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Constance hadn’t been as ready as she would’ve liked to be for such an exchange, and in retrospect, she couldn’t help wondering to what level her response to his affection had pleased him. Yet, his heart had been in his voice, particularly right after he’d cupped her face with one hand, and, with more ardor than the prince of Rêeh had been capable of mustering in a day, Staid had impeccably pressed his warm lips to either of Constance’s cheeks for as long as he dared to stop time, resisting the allure of her trembling mouth as he’d eased her away from him at last. “Leave me, please, my lady. Now.”
Constance hadn’t taken a second to think but had left Staid at once, her whole being ablaze with a mixture of desire, rapture, and dejection. Why on earth did she have to care so for this military man, of all the men in the country, at such an inopportune, trying national time?
Still, looking out at the assembly before her, Constance knew this was not the time to bemoan inopportunity. Critical judgments about life and death were waiting to be made. A force stood menacingly without their land, taunting their nation, and this woman, this royal junior, had something to say about it.
Constance rose from her seat in the audience stall, waiting to be recognized.
A full minute or two passed before her father glanced over at her, but she knew that he’d noticed the moment she’d risen. The king then held up a hand to pause the standing Greenly, along with the other chieftains, elders, and the handful of soldiers whose voices were colliding in the middle of the Mundayne deliberations. Matthias sat there with his hand up as the assembly hall grew silent, and while he looked steadily at Constance in a way she could not interpret, she imagined that he was going to shake his head at her, and order her to sit back down.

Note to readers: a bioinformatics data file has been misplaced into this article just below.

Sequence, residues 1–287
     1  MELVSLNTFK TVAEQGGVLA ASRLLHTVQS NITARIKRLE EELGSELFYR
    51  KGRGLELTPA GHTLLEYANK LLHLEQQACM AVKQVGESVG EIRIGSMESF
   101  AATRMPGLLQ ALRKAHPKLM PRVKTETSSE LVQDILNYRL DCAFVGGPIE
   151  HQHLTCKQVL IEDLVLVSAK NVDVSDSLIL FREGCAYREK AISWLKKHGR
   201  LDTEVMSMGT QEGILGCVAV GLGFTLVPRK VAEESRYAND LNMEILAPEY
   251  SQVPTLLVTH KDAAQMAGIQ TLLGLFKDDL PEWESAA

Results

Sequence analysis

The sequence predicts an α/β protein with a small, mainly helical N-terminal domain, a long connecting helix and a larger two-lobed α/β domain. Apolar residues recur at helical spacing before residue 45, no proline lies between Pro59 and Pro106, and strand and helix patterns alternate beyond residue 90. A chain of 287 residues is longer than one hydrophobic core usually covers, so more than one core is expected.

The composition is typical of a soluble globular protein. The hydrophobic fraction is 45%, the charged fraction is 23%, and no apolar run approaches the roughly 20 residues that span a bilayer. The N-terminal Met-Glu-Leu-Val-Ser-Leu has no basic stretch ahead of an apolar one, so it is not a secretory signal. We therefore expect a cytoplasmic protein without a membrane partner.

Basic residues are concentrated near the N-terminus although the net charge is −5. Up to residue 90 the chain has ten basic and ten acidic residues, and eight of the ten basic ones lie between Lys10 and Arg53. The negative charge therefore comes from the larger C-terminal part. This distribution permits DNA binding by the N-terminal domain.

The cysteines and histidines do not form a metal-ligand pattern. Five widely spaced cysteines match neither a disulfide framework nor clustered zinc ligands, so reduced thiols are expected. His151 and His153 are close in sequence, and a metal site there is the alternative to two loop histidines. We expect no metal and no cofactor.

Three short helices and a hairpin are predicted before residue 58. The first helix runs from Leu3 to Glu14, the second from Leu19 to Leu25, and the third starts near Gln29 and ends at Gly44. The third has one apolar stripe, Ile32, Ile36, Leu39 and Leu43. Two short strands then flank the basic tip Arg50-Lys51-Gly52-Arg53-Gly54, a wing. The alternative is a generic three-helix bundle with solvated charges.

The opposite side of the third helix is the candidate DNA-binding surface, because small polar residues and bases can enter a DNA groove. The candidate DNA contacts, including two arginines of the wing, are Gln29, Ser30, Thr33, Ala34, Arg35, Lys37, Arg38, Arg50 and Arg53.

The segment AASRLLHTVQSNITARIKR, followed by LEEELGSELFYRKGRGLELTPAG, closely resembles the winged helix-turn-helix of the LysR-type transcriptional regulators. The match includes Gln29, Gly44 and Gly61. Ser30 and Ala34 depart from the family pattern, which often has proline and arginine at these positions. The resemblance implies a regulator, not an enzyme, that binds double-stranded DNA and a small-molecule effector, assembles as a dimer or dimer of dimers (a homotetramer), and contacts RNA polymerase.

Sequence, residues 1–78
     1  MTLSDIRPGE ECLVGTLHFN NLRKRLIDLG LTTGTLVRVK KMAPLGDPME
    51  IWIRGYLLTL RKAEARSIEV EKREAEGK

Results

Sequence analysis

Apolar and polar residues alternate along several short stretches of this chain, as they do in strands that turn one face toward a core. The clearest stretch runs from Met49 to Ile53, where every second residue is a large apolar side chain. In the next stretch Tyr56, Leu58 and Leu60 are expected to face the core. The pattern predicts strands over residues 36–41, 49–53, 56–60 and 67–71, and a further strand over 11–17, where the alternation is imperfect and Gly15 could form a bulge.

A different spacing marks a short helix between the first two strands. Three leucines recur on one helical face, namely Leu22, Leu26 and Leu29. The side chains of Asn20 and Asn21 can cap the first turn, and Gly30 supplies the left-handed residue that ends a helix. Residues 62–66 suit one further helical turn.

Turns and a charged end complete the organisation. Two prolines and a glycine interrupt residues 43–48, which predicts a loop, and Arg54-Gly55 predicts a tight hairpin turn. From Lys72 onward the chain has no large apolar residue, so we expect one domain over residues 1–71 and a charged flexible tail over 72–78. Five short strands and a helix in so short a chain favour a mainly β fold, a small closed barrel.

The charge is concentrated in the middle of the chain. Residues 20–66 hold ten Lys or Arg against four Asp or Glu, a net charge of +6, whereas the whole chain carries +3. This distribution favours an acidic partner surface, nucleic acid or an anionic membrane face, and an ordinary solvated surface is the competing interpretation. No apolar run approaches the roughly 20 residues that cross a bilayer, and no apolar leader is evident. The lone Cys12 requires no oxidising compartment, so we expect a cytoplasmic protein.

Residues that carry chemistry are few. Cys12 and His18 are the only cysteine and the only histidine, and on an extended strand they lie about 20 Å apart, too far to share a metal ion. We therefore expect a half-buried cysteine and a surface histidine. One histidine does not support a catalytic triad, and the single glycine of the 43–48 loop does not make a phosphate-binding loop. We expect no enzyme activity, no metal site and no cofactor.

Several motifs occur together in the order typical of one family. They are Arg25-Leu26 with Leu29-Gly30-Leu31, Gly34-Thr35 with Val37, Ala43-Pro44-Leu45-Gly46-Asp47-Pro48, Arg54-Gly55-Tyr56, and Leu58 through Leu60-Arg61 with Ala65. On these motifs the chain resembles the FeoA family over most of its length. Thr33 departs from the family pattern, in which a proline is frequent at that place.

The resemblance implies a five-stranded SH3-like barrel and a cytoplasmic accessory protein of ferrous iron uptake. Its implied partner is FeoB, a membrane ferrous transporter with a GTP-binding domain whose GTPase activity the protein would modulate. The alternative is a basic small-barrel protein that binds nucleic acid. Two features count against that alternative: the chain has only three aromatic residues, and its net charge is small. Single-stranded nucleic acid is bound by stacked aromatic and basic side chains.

He did not order her to do that, however, instead acknowledging her as she’d never thought she would be acknowledged by him in her life.
Spreading hope to her readers and listening audiences, author, editor, and speaker Nadine C. Keels of Seattle, Washington is well-known for The Song of Nadine, the powerful lyrical poetry seen in four of her several books and found on her spoken word album, Hope. Lyricized. Drawing from her lifelong passion for highly enjoyable and transformational fiction, Nadine has written a number of novels and novellas, including Love Unfeigned and The Movement of Crowns Series. In response to inquiries from other aspiring authors, Nadine put together a simple reference entitled Write Your Genius, Genius!: A Rather Quick Guide to Book Writing. Being the founder of Prismatic Prospects, a communication company based in Seattle, Nadine has served as editor and co-editor for a number of titles, and it is her aim to be a proven wellspring of inspiration for creativity and innovation in the marketplace.